When the market becomes inefficient: Comparing BRIC markets with markets in the USA
AbstractA rational investor will believe that an efficient market today will remain efficient tomorrow. However, when emotions take over, markets are no longer efficient. Further, they may remain so for longer anyone can forecast. Evidence of such inefficiencies is prominent in large emerging markets in Brazil, Russia, India and China and also in developed markets in the USA. When a market is inefficient and sentiments play a dominant role in an investor's decision making, valuation by any existing asset pricing model would produce a suboptimal risk–return relationship. Standard pricing technology will guide a rational investor to wrong policies for his new investments or for reallocating his old investments. In an alternative approach, we have worked out a model which incorporates market sentiments in the domain of the standard rational model of asset pricing. Our model is applicable for a ‘less than’ efficient market and, therefore, may be a useful input in investors' toolkits.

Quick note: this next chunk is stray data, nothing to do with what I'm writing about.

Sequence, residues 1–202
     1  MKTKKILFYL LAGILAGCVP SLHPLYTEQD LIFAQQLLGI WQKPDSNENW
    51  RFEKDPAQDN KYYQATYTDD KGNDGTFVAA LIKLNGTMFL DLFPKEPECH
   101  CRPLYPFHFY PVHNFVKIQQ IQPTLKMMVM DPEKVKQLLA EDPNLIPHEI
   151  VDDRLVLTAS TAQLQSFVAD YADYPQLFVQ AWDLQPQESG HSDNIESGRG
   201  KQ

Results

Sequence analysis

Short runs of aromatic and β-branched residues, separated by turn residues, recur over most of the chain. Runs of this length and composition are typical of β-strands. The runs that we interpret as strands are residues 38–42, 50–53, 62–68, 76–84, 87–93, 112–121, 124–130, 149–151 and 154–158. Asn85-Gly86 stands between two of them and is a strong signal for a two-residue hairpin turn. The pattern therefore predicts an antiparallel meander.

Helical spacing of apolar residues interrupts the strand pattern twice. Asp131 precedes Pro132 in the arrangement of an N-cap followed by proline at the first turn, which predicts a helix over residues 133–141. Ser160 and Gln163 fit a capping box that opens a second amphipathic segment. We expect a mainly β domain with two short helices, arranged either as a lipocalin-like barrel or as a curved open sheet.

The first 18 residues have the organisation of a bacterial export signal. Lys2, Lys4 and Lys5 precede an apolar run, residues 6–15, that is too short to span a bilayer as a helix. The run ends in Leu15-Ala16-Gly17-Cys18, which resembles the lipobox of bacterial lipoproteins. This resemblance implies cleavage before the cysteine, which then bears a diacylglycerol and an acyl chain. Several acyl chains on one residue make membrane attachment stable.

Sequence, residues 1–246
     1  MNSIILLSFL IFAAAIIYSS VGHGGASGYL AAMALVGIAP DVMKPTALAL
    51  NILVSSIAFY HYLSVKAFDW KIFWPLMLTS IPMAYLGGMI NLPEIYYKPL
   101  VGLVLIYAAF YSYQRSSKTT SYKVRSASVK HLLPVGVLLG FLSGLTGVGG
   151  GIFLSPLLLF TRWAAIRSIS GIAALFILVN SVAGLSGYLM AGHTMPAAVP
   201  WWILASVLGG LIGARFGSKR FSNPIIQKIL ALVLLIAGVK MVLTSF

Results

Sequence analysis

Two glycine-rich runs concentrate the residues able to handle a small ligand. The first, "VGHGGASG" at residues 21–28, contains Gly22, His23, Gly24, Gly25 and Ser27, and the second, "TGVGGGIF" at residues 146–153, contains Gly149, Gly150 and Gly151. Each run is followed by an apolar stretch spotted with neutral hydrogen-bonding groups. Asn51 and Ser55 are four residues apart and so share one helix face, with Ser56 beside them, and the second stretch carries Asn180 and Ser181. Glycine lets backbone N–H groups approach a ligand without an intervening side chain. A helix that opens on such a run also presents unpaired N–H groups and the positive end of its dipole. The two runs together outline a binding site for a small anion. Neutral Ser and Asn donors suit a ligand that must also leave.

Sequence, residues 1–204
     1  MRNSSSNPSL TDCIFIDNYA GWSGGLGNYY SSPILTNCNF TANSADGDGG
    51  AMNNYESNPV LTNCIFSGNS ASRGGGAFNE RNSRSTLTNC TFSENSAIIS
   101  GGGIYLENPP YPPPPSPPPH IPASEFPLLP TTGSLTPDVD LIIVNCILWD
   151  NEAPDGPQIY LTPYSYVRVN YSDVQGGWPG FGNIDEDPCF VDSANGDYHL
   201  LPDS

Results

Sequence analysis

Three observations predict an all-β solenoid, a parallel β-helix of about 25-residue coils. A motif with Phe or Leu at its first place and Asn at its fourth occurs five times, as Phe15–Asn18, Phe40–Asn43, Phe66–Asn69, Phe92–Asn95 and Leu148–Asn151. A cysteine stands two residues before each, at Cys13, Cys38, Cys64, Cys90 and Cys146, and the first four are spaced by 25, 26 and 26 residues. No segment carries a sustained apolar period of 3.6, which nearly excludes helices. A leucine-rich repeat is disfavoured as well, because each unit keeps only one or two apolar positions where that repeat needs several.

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Bibliographic InfoArticle provided by Elsevier in its journal International Review of Financial Analysis.
Volume (Year): 24 (2012)
Issue (Month): C ()
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Web page: http://www.elsevier.com/locate/inca/620166
Asset pricing model; Efficient market hypothesis; Hurst exponent;
Find related papers by JEL classification:
- G12 - Financial Economics - - General Financial Markets - - - Asset Pricing
- G14 - Financial Economics - - General Financial Markets - - - Information and Market Efficiency; Event Studies
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